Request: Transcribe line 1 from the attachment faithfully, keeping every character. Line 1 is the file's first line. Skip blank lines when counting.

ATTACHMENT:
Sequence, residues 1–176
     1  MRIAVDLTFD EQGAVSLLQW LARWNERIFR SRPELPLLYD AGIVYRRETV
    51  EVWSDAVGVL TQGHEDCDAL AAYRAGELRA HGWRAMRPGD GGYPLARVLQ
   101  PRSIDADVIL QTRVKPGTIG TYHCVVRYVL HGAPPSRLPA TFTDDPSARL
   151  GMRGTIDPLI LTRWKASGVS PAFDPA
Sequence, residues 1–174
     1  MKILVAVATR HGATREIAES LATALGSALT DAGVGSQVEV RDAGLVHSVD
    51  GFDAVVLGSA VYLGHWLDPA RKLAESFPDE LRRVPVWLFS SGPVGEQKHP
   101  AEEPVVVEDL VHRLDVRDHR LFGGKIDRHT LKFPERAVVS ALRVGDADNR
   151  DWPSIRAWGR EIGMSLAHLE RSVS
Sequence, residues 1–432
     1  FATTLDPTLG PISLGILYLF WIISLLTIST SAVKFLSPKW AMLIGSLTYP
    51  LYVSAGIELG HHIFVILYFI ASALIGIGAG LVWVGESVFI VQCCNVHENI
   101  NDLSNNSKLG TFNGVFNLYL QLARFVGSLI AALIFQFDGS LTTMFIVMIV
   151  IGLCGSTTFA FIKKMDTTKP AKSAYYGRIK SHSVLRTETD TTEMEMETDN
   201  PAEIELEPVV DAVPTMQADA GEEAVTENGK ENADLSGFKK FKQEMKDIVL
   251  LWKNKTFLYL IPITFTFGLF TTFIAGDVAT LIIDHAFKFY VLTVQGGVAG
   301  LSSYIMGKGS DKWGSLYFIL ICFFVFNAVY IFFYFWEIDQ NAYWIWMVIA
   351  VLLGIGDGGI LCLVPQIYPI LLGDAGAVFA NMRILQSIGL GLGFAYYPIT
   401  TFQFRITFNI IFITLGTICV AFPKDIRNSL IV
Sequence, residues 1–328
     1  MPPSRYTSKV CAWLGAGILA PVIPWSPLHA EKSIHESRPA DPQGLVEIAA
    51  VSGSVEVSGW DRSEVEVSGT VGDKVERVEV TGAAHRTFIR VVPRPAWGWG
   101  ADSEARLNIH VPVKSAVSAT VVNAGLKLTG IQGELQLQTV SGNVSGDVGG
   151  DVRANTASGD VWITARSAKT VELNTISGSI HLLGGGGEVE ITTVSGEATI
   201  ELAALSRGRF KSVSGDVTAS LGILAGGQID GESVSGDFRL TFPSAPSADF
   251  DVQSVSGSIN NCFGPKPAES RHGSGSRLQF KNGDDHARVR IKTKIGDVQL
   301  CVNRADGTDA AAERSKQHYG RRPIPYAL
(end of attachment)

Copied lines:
Sequence, residues 1–176